I received this book in exchange for a honest review.
I found The Warlord and the Bard by Eric Alan Westfall to be extremely confusing. First off, I had no idea if Darkfire was a place or someone’s name so I was pretty confused until Jerril’s point of view started. Jerril was clearly a person, but was Darkfire supposed to be a name or a place? The first several Darkfire sections were so confusing there was no way to tell if Darkfire was the character’s name or the place he was in! All the other names sounded like names in Jerril’s section, so how was I to be sure that Darkfire was even supposed to be anyone’s name? It was only until he started mind linking with his sister and she called him “’Fire” did it clarify that Darkfire was indeed the character’s name!
This story was either underdeveloped or just overly busy. It kept talking about it being very drunk outside and how it could destroy the world. What was “it”? This also made it hard to truly understand if DarkFire was a name or a place that the unknown character as talking about. How did Rage and Voices of the Sword of Souls being set free have to do being drunk outside? Where did Gate jumping come into play? How were these various concepts of being “free” have to do with destroying the world and being at peace? Who was the monitor who sat aside, like on his shoulder, watching over and keeping him from losing control? As I read, the more confused and more questions I had on how everything tied together in the story? Who was a young crippled youth and where, when, what happened that said person? Is this the same person who was fully capable now? I think I would certainly have benefited with more development and less scintillating characteristics to which there was no explanation or details. It was like this sounds like all great ideas so let’s just throw them in to be amazing, but let’s not really talk about any of it; it’ll add to the awesome mystery of the story. It was interesting alright, but with no fleshing out of the various amazing tidbits, it all becomes obscure, confusing and ends up ruining the story. I do have to say the politics of offending someone in a person of power's employ is equivalent to offending said person’s employer was very well developed and a scary policy.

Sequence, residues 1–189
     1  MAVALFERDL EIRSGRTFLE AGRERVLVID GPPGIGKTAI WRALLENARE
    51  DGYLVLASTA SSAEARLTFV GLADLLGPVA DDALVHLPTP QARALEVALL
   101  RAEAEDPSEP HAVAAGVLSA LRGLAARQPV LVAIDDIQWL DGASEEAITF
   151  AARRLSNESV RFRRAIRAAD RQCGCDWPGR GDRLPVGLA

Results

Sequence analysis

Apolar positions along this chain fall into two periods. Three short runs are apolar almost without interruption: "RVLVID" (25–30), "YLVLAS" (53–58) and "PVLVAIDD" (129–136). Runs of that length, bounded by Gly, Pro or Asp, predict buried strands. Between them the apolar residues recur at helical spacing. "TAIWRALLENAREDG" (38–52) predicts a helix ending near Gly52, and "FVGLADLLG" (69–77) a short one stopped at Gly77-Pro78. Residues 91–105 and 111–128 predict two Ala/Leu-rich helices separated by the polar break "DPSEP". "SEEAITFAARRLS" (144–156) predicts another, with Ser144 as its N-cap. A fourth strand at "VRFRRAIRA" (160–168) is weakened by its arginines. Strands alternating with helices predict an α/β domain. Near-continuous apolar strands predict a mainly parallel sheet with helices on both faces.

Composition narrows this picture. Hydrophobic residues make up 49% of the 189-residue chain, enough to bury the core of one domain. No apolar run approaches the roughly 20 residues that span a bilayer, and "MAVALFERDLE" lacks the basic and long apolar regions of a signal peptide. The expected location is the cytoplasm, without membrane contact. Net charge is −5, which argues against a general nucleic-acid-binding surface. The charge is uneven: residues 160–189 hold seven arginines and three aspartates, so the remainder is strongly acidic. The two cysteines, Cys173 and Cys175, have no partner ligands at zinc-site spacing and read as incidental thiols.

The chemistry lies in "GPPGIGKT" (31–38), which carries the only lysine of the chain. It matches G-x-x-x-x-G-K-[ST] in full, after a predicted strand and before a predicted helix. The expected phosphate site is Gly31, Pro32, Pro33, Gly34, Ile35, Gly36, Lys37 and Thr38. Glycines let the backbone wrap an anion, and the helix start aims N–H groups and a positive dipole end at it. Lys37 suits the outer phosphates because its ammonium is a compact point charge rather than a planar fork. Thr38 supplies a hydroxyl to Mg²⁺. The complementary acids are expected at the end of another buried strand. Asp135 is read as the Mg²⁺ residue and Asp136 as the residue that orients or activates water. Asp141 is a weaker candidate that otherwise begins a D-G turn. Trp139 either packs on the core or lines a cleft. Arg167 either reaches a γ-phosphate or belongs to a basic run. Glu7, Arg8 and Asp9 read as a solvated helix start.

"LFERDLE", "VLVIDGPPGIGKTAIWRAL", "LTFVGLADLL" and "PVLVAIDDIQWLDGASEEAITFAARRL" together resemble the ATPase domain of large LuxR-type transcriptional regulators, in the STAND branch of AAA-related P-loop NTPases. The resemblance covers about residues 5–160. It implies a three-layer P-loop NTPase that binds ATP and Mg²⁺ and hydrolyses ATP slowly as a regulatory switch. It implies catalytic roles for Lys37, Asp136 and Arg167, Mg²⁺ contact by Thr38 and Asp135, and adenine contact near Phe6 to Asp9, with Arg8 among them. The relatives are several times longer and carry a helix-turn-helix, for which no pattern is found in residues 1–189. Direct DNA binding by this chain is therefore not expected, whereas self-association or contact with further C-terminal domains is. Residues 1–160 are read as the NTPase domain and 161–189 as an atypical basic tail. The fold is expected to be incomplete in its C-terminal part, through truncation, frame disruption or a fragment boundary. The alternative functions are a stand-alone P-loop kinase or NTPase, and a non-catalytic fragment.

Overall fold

After figuring out the characters names, I found that more terminology was thrown in, like DarkFire parties, the Tale and the Music to name a few more. What were these DarkFire parties? What were these potential raging fires? This also added to my confusion in understanding if DarkFire was a person’s name or the name of place?
On the plus side, the Jerril sections were well developed and relatively easy to understand. Most of the sections with Niallan were easy to understand. It could very well have been that these sections were the only ones that were developed enough so it was such a relief to get away from the confusing ambiguity of the fascinating characteristic dropping. The prophecy was interesting and made me want to see what exactly it was about, but when it was playing out, it was incredulously unremarkable.
I thought it was different that the Goddess had to meddle in their love affair and play pseudo-voyeur during their prophecy fulfilling acts. Also interesting that in the middle of lovemaking, Jerril freezes while in the heat of passion to have mental conversations with the Goddess. Everyone else can mind link without turning into a frozen robot, but not Jerril.
It was surprisingly anticlimactic that the King Emperor and Queen Empress accepted his new relationship so quickly after one dance together. The situation with Niallan was very quickly resolved after their dance also. Directly upon fulfillment of the prophecy, the story is tied up and closed up. I would have definitely liked more development.